OSD/Menu overlay on video feed

Thread Starter

strantor

Joined Oct 3, 2010
6,112
I have an analog camera feed (NTSC or PAL) and I want to overlay some interactive menus and graphics on it. It will be displayed on an HDMI monitor, so there be a converter somewhere in the mix. I've ordered a small board with a MAX7456 on it that overlays text on an analog video signal, but I want to do a little more than that. I don't know what to look for. I considered using RPI with a USB video capture dongle but the RPI is quite slow to boot for my application. Is there an inexpensive FPGA-based devboard meant for tinkering with video signals? Or some solution that I don't know enough to ask about?
 

wayneh

Joined Sep 9, 2010
17,176
I have an analog camera feed (NTSC or PAL) and I want to overlay some interactive menus and graphics on it.
I don't have an answer for you but I know enough about video to know that an onscreen interactive menu is a big deal compared to a mere overlay. It's done for disc based media, such as DVD or Blu-ray, by the authoring software. An interface is coded and placed on the disc. The disc player runs the code and responds to inputs from your remote control.

You're on the right track, I think, of using an app on a computer to run the code. The user will interact with that app somehow (remote? keyboard?). It may need to be a custom app to have the buttons or functions you need. I have no idea what might be out there. The app will send the combined signal to the HDMI monitor.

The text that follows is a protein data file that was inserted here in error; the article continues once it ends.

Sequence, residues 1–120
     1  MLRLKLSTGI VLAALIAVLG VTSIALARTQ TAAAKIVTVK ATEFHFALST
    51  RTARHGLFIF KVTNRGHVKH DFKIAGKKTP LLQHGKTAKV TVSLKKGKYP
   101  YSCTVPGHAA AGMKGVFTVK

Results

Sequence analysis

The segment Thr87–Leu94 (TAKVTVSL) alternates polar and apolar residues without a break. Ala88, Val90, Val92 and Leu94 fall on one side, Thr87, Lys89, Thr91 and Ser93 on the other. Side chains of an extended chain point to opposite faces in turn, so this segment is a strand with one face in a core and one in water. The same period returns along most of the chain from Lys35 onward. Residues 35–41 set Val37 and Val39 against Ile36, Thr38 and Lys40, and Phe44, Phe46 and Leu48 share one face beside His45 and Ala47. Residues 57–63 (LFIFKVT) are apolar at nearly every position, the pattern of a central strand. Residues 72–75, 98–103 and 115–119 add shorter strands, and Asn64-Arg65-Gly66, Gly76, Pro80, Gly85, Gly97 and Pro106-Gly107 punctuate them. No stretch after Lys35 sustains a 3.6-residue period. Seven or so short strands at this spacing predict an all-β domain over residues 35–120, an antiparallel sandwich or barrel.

I hope I'm wrong but this sounds likes a very challenging project.
 

MrSalts

Joined Apr 2, 2020
2,380
What interface do you have to control the button presses/menu number selection?

if you can set up your pi for a fast start and auto-run an app, you can get to about 30-35 seconds. After that, there is Python-based video/graphic editing to draw graphics in top of anything in PIL (pillow library) or use something like imagemagick to create/geometric graphic overlays and even edit frames. Then everything will be carried out through the HDMI feed, no need for a second usb based interface unless you have a cap-touch panel to bond to the display (display cover).
Is this the only graphic to be shown or is this an overlay on a video for a training video that is playing below the text at the same time?
 

Thread Starter

strantor

Joined Oct 3, 2010
6,112
There is this, and a MAX7456 library, or maybe this. It appears, though, that analog video isn't a hot topic nowadays.
This was a thought that I didn't complete:
It will be displayed on an HDMI monitor, so there be a converter somewhere in the mix...
...so the solution doesn't have to be specifically an analog video one. The overlay could be on the HDMI signal after the converter. Or maybe the converter and the OSD component could be same device; probably an FPGA-based DSP dev board geared toward this kind of thing.

There's a couple more things on my wish list that would be awesome if the hypothetical device could do it: smooth zoom in/out on the video (not big leaps like 1x-2x-4x etc), and record video to SD card.
 

Thread Starter

strantor

Joined Oct 3, 2010
6,112
An Arduino wouldn't have any boot time. It could load graphics from an SD card and write them to the OSD chip.
Yes I would really like to do this with arduino if possible. There will already be an arduino in the mix and if it could handle the OSD too, that would be great. There is a lot you can do with arduino and an LCD. I wish I could just use the arduino LCD library and write the output to an OSD chip. That would be nearly ideal. That gave me another idea: get a transparent LCD and physically overlay it on the monitor. But the only really transparent LCD I was able to find was <2" diagonal and the monitor I want to use is 3.5" diagonal.
 

Thread Starter

strantor

Joined Oct 3, 2010
6,112